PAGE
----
* Farming lobby has major concerns over proposal
* Forestry, farm land covers more than 3/4 of EU territory
* Biomass would have to be monitored
By Barbara Lewis
BRUSSELS, March 12 EU governments will
have to record changes to forestry and farmland that alter the
carbon balance under draft law published on Monday, as the
European Commission presses ahead with new rules against
The proposals go beyond agreements reached at U.N. climate
change talks in Durban last year, by requiring EU nations to
monitor cropland and grazing land in addition to forests.
The Durban accords said industrialised nations could include
Environmental campaigners have welcomed the proposal, a
draft of which was seen by Reuters last month, while farmers
said they had major concerns.
"This is the first step to incorporate these sectors into
the EU's reduction efforts," European Union Climate Commissioner
Connie Hedegaard said in a statement.
The bloc's Emissions Trading Scheme (ETS) already seeks to
limit the carbon emissions of utilities, heavy industry and
aviation. The introduction of carbon charges for all aircraft
using EU airports from the start of this year has led to furious
resistance from airlines and non-EU governments.
But the EU has said it will stand firm unless the United
Nations' International Civil Aviation Organization can come up
with a global scheme.
It has also said its next target is shipping and later this
year will publish proposals on how to curb maritime emissions.
The EU's forests and agricultural lands cover more than
three-quarters of EU territory.
But although highly significant, carbon accounting for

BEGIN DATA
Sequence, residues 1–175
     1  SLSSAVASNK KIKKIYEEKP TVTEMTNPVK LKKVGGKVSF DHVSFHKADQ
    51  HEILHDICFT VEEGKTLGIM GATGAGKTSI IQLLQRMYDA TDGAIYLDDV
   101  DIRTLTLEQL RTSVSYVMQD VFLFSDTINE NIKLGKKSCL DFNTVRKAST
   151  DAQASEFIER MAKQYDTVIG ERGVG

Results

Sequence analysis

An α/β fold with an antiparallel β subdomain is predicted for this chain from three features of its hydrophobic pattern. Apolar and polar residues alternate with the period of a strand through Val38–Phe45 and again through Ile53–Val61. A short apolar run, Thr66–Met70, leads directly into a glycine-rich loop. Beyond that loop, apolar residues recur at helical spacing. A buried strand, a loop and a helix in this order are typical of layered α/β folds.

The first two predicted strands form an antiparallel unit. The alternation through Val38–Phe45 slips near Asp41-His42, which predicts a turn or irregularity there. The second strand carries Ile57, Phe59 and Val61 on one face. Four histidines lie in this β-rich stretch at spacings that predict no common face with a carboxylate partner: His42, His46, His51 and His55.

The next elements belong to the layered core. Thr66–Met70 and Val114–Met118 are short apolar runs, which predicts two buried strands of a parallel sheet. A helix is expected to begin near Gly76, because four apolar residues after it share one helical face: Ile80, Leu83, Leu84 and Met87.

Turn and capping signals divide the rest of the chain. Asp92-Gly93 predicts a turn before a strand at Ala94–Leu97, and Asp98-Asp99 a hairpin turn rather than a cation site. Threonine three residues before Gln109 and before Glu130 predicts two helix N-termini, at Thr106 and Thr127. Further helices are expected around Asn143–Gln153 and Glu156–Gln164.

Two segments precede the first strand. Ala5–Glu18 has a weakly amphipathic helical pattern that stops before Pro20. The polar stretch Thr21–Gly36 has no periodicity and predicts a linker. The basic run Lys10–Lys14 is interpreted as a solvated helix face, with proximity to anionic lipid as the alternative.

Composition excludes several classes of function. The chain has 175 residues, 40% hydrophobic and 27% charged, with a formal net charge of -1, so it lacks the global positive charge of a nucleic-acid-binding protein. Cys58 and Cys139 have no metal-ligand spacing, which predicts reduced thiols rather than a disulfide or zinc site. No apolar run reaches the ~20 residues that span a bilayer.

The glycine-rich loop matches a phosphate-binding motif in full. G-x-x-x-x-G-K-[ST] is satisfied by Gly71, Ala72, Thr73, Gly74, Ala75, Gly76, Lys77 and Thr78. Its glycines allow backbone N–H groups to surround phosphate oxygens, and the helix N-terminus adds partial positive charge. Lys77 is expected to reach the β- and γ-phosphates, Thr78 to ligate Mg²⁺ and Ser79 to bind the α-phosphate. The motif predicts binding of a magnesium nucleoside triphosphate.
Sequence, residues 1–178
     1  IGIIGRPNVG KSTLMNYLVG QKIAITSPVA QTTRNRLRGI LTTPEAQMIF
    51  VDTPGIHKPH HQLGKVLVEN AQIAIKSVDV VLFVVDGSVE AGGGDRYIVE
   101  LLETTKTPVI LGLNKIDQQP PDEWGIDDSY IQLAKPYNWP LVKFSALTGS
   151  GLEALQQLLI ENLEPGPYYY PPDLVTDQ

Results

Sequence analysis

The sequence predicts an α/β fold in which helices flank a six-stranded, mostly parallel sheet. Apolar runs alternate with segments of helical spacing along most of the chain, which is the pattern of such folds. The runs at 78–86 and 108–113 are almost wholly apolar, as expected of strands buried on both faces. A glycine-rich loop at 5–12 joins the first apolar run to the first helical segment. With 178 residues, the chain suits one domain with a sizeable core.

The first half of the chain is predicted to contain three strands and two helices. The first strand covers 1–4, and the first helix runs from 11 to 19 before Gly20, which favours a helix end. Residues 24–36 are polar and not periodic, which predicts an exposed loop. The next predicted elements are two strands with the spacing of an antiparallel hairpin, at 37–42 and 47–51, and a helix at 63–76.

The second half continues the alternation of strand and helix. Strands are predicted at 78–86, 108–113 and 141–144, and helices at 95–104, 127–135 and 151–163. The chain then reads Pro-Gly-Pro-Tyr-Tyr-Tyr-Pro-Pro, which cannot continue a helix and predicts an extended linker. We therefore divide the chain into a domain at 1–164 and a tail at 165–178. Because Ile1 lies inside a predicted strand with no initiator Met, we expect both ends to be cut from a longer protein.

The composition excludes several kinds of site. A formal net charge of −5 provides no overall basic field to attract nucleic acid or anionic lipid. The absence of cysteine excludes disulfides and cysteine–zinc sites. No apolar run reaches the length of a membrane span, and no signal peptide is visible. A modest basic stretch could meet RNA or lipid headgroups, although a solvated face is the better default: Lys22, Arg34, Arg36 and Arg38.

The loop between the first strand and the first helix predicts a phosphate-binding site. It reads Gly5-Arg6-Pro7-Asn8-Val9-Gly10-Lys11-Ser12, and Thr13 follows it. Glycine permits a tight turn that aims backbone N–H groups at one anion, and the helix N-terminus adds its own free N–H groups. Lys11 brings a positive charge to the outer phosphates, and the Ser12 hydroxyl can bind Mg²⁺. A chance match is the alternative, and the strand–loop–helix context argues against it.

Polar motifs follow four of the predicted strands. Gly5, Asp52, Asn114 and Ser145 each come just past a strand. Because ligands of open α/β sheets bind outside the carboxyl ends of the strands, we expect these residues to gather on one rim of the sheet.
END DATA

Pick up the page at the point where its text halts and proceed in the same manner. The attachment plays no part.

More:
forestry and land-use is less established than for other sectors
and progress on managing it internationally and within the EU
has been slow.
So far land use, land use change and forestry, known by the
acronym LULUCF, has been excluded from the EU's set of fixed
targets to try to curb climate change.
One consequence is that emissions from biomass used in power
generation have been counted as zero, causing some to question
whether an EU target to increase the share of renewables in the
energy mix is being met through emissions from biomass.
The Commission's proposal does not go as far as land-use
targets, but emissions from burning biomass such as wood for
power generation, for instance, would have to be monitored.
After monitoring and reporting has been in place "for a
number of years" and proven to be effective, as a second step
the Commission said it would propose including LULUCF in the
EU's binding emissions reduction target.
Environmental groups that favour the EU's new approach agree
with the Commission stance that a forestry and land-use target
should not be part of the ETS, and say they differ fundamentally
with other sectors in that they can remove carbon as well as add
to overall emissions.
(Additional reporting by Charlie Dunmore; editing by Rex